After making its debut on the PSP in 2006 before ensconcing itself in Xbox Live Arcade in 2007, Exit finally arrives on the DS. The DS version improves on the PSP original and XBLA edition in a few ways, but unfortunately, retains the fundamentally flawed level designs from the both the aforementioned, essentially keeping this title off the rankings of great DS puzzlers.

The premise is really simple. An escapologist by profession, Mr. Esc’s job is to evacuate people from dangerous situations. Throughout the course of the game, you will need to navigate a variety of 2D structures ranging from a sinking ship to a hotel struck by an avalanche to a hospital rattled by an earthquake to seek trapped victims and have them aid you in rescuing other trapped victims and escaping.

In order to get to each trapped victim, you will first need to get over a handful of obstacles, be it fires, smokes, blocked hallways or electricity. There are 100 levels spread over 10 areas (called situations in the game) and each area will introduce new obstacles (though some obstacles like fires are not unique to a particular area). For instance, levels taking place in the sinking ship introduces electricity in water, while levels occurring in the hotel features crates on ice that cannot be pushed unless special footwear is donned. To help Mr. Esc circumvent these obstacles, there are a variety of items scattered throughout each level.

More noteworthy, however, are the abilities (and inabilities) of the various trapped victims. Normal adults function very much like Mr. Esc, while obese adults need help to climb ledges and crates, but unlike the other characters in the game, can push bigger crates on their own. Children also need aid in climbing, but they are able to squeeze or crawl through narrow spaces to get items for Mr. Esc and are able to walk over thin flanks that would otherwise crack under the weight of other characters. Needless to say, the injured provide the most trouble as Mr. Esc would need to carry them. New to the cast of trapped victims in the DS version is the dog. A dog is unable to climb, but is the only character which is able to accomplish a long jump, hence being able to reach places inaccessible to other characters.

What Exit has done is to weave both elements together – the items with the distinctive abilities of each character – and create a puzzle which requires you to utilize each item and character’s ability fully in order to be able to make it to the ‘exit’ of each level. But then you realize that despite the ostensible ingenuity of the level design, the said IS in fact very fundamentally flawed – so flawed that it takes a whole lot of fun out of the game.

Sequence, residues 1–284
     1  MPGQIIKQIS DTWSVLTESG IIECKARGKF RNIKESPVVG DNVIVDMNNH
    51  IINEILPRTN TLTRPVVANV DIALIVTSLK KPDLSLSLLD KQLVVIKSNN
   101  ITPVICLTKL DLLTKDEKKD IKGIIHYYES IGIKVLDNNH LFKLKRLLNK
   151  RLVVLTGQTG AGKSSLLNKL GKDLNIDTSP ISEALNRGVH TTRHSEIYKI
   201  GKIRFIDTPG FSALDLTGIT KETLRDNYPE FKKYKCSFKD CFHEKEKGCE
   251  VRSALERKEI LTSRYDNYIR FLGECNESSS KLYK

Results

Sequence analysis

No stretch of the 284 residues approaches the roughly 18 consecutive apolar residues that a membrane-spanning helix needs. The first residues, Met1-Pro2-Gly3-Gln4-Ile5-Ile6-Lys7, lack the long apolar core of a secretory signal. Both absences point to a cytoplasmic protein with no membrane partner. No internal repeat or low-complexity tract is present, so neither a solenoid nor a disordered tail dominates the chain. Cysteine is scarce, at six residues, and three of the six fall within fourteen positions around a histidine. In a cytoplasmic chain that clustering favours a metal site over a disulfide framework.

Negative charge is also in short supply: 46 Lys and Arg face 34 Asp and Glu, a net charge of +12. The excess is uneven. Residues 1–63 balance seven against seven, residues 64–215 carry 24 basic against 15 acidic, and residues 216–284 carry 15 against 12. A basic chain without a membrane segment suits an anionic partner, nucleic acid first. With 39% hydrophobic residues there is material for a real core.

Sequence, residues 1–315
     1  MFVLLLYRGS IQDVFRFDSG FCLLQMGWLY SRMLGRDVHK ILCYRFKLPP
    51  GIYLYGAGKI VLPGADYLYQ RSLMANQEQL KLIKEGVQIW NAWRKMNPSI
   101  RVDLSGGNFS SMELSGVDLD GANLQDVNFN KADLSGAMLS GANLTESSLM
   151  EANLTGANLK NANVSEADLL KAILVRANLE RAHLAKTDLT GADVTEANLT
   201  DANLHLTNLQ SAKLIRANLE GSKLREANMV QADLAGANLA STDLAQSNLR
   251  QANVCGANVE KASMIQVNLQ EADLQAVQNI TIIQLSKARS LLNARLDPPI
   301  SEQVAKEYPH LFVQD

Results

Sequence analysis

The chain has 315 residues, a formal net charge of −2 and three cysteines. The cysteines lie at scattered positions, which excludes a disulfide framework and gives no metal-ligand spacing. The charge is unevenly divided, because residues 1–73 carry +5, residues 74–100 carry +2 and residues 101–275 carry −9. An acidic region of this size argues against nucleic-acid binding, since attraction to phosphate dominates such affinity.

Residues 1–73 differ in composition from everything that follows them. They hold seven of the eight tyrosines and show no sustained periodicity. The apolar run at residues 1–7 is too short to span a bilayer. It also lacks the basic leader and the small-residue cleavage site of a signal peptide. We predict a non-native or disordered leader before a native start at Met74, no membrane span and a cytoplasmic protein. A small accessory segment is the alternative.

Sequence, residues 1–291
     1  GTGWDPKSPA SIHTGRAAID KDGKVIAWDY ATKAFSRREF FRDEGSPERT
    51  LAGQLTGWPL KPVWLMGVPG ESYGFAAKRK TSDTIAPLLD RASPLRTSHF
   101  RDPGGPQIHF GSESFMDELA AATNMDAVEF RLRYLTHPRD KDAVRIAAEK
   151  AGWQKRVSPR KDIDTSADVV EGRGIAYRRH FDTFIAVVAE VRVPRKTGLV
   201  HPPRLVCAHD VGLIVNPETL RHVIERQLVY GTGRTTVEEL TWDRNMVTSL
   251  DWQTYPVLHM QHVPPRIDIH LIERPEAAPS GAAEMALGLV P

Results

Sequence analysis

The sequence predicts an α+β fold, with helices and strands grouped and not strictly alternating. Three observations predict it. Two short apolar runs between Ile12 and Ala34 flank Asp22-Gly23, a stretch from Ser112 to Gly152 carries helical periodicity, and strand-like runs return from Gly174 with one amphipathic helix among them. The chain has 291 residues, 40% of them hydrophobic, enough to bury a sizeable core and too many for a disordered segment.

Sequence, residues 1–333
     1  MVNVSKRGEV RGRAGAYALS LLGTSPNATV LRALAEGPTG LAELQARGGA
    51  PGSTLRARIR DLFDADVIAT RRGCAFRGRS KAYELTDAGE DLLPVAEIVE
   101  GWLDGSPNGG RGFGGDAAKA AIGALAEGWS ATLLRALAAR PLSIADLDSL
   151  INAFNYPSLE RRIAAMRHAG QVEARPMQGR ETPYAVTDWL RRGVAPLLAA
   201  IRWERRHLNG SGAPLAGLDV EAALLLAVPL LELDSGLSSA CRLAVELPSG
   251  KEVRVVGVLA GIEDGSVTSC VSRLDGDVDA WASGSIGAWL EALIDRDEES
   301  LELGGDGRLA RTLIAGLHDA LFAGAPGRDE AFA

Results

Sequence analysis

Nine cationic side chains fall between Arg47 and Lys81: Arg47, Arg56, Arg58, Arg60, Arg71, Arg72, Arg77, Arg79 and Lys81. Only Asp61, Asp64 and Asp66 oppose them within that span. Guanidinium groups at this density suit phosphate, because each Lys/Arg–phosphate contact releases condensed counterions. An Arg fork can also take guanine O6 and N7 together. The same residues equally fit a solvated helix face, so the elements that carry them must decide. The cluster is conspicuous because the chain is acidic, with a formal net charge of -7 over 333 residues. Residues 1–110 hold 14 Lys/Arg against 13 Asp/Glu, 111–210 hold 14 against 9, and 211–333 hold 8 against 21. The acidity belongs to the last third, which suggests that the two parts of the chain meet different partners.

You see, to be able to make it to the escape of each level, you need to get over the various obstacles with items and the aid of the exclusive abilities of each character, but each level is designed in a way such that it’s more a matter of solving which obstacle first rather than planning how a particular character can be utilized. In each level, you would be provided with a mini-map and the ability to scroll through the entire environment so that you would be able to better plan your strategy. That’s a wise design choice.

But what’s flawed about this game is that mistakes are irreversible, so you really need to be reliant upon tons of trial-and-error to get through each level. For instance, if you accidentally move a crate against a wall, perhaps bearing in mind that you need the crate to be able to reach the ledge, but then realize that you need to move the crate to the other position on the right instead, you cannot pull the crate back and reposition it (Mr. Esc can push a crate, but cannot pull it?). It’s like allowing you to piece a jigsaw puzzle together, but if you put a wrong piece down, you’re not allowed to move, replace, or remove that piece. It’s simply preposterous.

During some instances, you may see an obstacle, and think that you may need to solve it first, but in fact, you need to go to the other obstacle and solve it first before being able to solve the initial obstacle. If you botched it up by ridding the initial obstacle first, there’s no turning back and you would need to restart the entire level. A puzzler in my hands, I understand that it’s supposed to be this challenging – I am not complaining about that. What I am complaining about is the game’s prohibition of mistake reversal, which is a fundamental flaw in any puzzle game.

Thankfully, there isn’t any major flaw beyond the level design. The controls could have been another significant blemish on the surface of such a cool-in-theory puzzler as demonstrated in the PSP and XBLA versions of the game, but the developers seem to have taken heed of the comments and so we have a DS version that boasts a huge improvement in the controls (though the controls still aren’t perfect).